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Heavy mineral analysis for assessing the provenance of sandy sediment in the San Francisco Bay Coastal System

November 1, 2013

Heavy or high-specific gravity minerals make up a small but diagnostic component of sediment that is well suited for determining the provenance and distribution of sediment transported through estuarine and coastal systems worldwide. By this means, we see that surficial sand-sized sediment in the San Francisco Bay Coastal System comes primarily from the Sierra Nevada and associated terranes by way of the Sacramento and San Joaquin Rivers and is transported with little dilution through the San Francisco Bay and out the Golden Gate. Heavy minerals document a slight change from the strictly Sierran-Sacramento mineralogy at the confluence of the two rivers to a composition that includes minor amounts of chert and other Franciscan Complex components west of Carquinez Strait. Between Carquinez Strait and the San Francisco Bar, Sierran sediment is intermingled with Franciscan-modified Sierran sediment. The latter continues out the Gate and turns southward towards beaches of the San Francisco Peninsula. The Sierran sediment also fans out from the San Francisco Bar to merge with a Sierran province on the shelf in the Gulf of the Farallones. Beach-sand sized sediment from the Russian River is transported southward to Point Reyes where it spreads out to define a Franciscan sediment province on the shelf, but does not continue southward to contribute to the sediment in the Golden Gate area.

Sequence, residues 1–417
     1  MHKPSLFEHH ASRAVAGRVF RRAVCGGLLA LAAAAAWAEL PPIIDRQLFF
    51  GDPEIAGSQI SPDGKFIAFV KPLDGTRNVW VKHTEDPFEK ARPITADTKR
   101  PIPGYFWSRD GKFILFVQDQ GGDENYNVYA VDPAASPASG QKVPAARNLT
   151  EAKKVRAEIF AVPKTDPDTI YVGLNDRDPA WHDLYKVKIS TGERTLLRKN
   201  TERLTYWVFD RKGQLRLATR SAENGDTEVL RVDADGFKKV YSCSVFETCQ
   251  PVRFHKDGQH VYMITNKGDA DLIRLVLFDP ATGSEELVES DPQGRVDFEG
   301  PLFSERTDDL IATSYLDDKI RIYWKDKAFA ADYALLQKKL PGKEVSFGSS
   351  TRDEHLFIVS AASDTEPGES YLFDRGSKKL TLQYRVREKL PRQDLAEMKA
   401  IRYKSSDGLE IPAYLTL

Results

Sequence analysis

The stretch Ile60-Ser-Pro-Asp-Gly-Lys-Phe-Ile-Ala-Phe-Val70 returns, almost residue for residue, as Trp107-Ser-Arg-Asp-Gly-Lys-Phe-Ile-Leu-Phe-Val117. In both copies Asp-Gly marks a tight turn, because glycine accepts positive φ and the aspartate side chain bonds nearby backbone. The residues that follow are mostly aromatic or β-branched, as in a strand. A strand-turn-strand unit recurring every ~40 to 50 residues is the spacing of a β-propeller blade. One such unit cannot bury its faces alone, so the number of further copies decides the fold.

Citation Information

Publication Year 2013
Title Heavy mineral analysis for assessing the provenance of sandy sediment in the San Francisco Bay Coastal System
DOI 10.1016/j.margeo.2013.05.012
Authors Florence L. Wong, Donald L. Woodrow, Mary McGann
Publication Type Article
Publication Subtype Journal Article
Series Title Marine Geology
Series Number
Index ID 70048868
Record Source USGS Publications Warehouse
USGS Organization Coastal and Marine Geology Program